(g) generating as output the weighted sum as a total path delay.

A proposed method of calculating a total path delay in an integrated circuit design that is less conservative than previous methods while avoiding timing failure in silicon due to stage delay variances receives as input the empirically derived values of typical stage delays and stage delay variations for each stage in a path of an integrated circuit design. A stage delay is the cell delay plus the interconnect delay for a selected cell in a path.

FIG. 1 illustrates an example of a path 100 in an integrated circuit design according to the prior art. Shown in FIG. 1 are cells 102, 104, 106, 108, and 110, interconnects 112, 114, 116, and 118, stages 120, 122, 124, and 126, and stage delays T0_1, T0_2, T0_3, and T0_4.

The typical value of the stage delay does not include the stage delay variation. The value of the stage delay variation includes the effects of process/voltage/temperature variation and crosstalk variation. Previous timing analysis tools use the following equation to calculate path delay:

T = T 1 = j = 1 n ( T0_j + d_T _j ) ( 1 )
where:

T is the total delay for a path P;

T1 is the sum of the stage delays plus the sum of the stage delay variations along the path P;

T0_j is the typical value of stage delay for a stage j in the path P not including stage delay variation;

d_T_j is the stage delay variation for a stage j in the path P; and

n is the number of stages in the path P.

Equation (1) may be rewritten as
T=T1=T0+d T1  (2)
where T0 is the summed stage delay (not including stage delay variation) given by

T 0 = j = 1 n T0_j ( 3 )
and d_T1 is the summed stage delay variation along the path P given by

d_T1 = j = 1 n d_T _j ( 4 )

The path delay T1 is the worst case (WC) estimate of the path delay, that is, each stage delay T_j=T0_j+d_T_j has the maximum possible value.

To reduce the conservatism of the worst case estimate of the path delay, the root-sum-square (RSS) of the stage delay variation may be calculated according to
T=T2=T0+d T2  (5)
where:

T2 is the sum of the stage delays plus the root-sum-square of the stage delay variations along the path P; and

d_T2 is the root-sum-square stage delay variation along the path P given by:

d_T2 = j = 1 n ( d_T _j ) 2 ( 6 )

Comparing the root-sum-square method to the worst case method, T2 is less conservative than T1, that is, T2 is always less than T1, except in the case where d_T2 is equal to zero, in which case T2 is equal to T1. The root-sum-square method provides accurate results if the following conditions are true:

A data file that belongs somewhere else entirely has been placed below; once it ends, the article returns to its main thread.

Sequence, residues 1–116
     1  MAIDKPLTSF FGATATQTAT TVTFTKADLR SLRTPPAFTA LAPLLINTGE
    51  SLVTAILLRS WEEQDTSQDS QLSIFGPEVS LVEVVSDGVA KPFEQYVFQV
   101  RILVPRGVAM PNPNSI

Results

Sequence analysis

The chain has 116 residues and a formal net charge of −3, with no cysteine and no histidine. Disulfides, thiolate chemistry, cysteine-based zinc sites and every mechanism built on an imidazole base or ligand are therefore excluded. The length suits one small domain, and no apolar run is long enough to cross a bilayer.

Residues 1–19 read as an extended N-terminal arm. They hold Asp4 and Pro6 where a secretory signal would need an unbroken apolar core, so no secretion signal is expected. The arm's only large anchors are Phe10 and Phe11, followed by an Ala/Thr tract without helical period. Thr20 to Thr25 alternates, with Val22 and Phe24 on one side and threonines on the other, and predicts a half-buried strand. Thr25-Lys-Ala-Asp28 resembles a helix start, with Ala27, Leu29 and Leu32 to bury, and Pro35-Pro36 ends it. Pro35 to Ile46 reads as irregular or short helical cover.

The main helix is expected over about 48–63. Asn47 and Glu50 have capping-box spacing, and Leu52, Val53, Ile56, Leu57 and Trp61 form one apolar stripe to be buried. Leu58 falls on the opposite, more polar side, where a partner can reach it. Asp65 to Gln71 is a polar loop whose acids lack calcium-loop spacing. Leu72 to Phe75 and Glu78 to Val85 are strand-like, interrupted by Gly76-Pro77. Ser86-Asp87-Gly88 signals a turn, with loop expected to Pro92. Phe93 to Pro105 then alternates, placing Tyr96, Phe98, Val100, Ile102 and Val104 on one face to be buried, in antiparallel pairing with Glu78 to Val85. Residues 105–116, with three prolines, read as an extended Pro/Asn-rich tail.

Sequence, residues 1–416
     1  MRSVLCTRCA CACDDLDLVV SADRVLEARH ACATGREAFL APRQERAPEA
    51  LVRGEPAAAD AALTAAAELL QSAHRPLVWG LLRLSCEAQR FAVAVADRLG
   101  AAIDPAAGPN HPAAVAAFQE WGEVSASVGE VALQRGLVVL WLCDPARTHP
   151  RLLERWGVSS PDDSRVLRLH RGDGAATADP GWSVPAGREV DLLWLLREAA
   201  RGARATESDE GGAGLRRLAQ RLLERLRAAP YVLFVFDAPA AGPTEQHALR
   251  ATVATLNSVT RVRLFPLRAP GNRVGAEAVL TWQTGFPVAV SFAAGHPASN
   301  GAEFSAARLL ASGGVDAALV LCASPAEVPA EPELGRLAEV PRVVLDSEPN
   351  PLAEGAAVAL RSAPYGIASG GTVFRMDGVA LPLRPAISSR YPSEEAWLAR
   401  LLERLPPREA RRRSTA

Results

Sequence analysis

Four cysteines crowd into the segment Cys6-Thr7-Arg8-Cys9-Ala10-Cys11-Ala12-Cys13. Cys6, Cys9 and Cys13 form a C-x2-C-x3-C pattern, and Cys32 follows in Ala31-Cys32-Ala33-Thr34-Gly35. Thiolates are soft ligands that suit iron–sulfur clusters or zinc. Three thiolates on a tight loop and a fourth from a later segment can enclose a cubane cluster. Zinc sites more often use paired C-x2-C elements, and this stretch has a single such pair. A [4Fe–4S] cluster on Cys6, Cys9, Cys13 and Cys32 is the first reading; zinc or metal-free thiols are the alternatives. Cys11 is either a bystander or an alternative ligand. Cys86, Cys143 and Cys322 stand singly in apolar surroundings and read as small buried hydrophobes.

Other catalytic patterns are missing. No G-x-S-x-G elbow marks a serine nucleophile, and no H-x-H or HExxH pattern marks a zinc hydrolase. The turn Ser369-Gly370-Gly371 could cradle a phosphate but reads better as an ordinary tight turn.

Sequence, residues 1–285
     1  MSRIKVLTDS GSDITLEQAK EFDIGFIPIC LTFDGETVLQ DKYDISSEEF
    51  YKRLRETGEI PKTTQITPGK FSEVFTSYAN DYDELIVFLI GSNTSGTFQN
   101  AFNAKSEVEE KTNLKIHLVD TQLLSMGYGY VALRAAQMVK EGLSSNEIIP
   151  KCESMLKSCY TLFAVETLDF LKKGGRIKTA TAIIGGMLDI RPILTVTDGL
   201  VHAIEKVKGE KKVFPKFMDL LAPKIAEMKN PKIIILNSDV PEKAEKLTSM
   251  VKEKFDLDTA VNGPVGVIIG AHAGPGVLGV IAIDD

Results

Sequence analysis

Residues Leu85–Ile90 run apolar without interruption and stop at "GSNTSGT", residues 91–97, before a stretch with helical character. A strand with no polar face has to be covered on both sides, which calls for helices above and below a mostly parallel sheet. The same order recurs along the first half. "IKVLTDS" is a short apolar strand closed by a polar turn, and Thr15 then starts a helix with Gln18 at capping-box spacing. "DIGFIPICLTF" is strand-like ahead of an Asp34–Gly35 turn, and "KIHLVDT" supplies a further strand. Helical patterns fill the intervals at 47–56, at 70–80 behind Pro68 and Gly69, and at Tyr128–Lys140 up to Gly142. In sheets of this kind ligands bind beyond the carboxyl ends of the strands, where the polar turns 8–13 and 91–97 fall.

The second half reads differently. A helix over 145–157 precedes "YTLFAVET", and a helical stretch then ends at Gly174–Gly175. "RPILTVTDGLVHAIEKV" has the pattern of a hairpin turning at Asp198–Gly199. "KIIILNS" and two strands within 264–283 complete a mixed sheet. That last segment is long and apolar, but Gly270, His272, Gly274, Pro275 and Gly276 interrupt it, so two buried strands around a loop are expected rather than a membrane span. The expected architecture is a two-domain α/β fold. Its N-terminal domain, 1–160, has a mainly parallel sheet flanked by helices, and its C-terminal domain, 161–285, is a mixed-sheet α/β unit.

(1) the number of stages n exceeds a minimum threshold, for example, 20;

(2) all stage delay variances are independent random variables;

(3) each of the stage delay variations has a normal distribution with an extreme value at about three sigma of the distribution and a typical value at about the mean of the distribution;

(4) if the stage delay variations do not have a normal distribution, then the path delay will have a normal distribution if the number of stages n exceeds a maximum threshold, for example, 30, according to the central limit theorem in probability theory.

A disadvantage of using the root-sum-square method for timing analysis is that there are typically many timing critical paths in an integrated circuit design where n is less than 20. A path is timing critical to the setup time requirement if the propagation delay of the path is more than an empirical threshold, typically about 90 percent, of the clock period. Equivalently, the path has a timing slack of less than 10 percent of the clock period. For timing critical paths where n is less than the minimum threshold, there is a significant probability that the actual path delay may exceed the estimated maximum delay during the expected chip lifetime, resulting in a timing violation and possibly a performance failure.

FIG. 2 illustrates a graph 200 of estimated path delay variation as a function of the number of path stages for the summed method and for the root-sum-square method. Shown in FIG. 2 are a plot 202 for the summed method of equation (4) and a plot 204 for the root-sum-square method of equation (6).

In FIG. 2, all the path stages have the same delay variation. As the number of stages increases, the relative conservatism of the summed (WC) method compared to the root-sum-square (RSS) method becomes more apparent. Accordingly, if the summed method of equation (4) is used, then the estimated total path delay may be excessively conservative for long paths, that is, for n greater than, for example, 10. On the other hand, if the root-sum-square method of equation (6) is used, then there is a significant risk that a timing violation may be missed, especially for short paths, that is, for n less than, for example, 20.